Biodiversity Research Institute
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BRI in the News
BRI's work on mercury in songbirds has been in the news recently including an article in National Geographic Online. Pictured here is a Yellow Warbler.

BRI in the News

BRI news stories have appeared in many regional, national, and international news outlets. These stories help promote awareness of our work but also promote the general issues of conservation biology and the need to continue research in wildlife health and its implications to human health.

BRI's researchers are available to talk to journalists and provide expert information on both the work we do and the broader topics of their expertise. 

For more information, visit our page on Resources for Journalists.

News Archive

 
Feb 8, 2016

The Northeast Wildlife Disease Cooperative Newsletter Features BRI’s Work Studying the Wellfleet Bay Virus

Narrowing the Focus of the Wellfleet Bay Virus Investigation: Annual Movement Patterns of Satellite-marked Common Eiders Breeding in Boston Harbor, Massachusetts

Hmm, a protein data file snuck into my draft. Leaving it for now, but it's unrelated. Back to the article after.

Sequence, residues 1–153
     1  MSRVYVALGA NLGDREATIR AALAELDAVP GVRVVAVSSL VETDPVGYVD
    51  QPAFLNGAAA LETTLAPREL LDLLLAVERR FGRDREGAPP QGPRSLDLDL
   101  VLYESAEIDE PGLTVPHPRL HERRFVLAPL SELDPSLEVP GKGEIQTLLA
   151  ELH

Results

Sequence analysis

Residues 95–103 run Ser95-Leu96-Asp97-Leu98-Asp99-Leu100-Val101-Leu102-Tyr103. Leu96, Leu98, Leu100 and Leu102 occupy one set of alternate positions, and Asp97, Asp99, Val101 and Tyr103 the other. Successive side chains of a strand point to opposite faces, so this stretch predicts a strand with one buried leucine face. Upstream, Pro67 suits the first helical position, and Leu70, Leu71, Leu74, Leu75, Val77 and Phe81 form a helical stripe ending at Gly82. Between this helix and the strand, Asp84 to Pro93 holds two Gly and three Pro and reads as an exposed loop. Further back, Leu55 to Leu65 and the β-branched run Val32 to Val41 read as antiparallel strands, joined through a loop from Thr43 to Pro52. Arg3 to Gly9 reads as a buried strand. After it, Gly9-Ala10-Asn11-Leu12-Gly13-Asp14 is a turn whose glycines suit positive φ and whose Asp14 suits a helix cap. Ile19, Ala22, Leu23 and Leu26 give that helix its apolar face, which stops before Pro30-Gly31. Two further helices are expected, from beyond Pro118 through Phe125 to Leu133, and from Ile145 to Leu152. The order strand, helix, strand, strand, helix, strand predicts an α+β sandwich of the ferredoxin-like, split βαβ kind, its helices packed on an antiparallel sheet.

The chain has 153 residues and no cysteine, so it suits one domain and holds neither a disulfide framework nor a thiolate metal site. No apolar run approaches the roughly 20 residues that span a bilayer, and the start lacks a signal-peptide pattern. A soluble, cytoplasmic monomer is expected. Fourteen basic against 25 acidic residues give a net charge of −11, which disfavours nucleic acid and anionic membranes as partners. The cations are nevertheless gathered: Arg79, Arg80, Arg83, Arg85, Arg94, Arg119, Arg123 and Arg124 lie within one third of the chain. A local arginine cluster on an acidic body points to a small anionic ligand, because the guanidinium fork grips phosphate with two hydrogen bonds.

Lucas Savoy, Biodiversity Research Institute, Portland, Maine

Between 1998 and 2015, 14 recognized mortality events occurred in Common Eiders (Somateria mollissima) along the coast of Cape Cod, Massachusetts. The numbers of eiders involved in each outbreak ranged from 30 to 2,800 individuals, with estimated total losses exceeding 7,000 birds. In 2010, a novel orthomyxovirus named Welleet Bay Virus ( WFBV ) was isolated from tissues of four of these birds.

In 2012, biologists along the North Atlantic coast visited several Common Eider nesting colonies to collect blood samples to screen for the presence of antibodies to WFBV. The presence of these antibodies would indicate whether birds had been exposed to the virus. Eiders nesting in Nova Scotia, Quebec, Maine and Massachusetts were sampled, as were wintering eiders in Rhode Island. Overall, 6% of eiders from Nova Scotia, 0% from Maine, and 4% from Rhode Island had antibodies to WFBV. The largest percentage of eiders with WFBV antibodies (41%) occurred in Massachusetts, and most of these birds (96%) were located on one nesting island in Boston Harbor.

Read more here.

 
Photo Credits: Yellow Warbler © Ken Archer.
Biodiversity Research Institute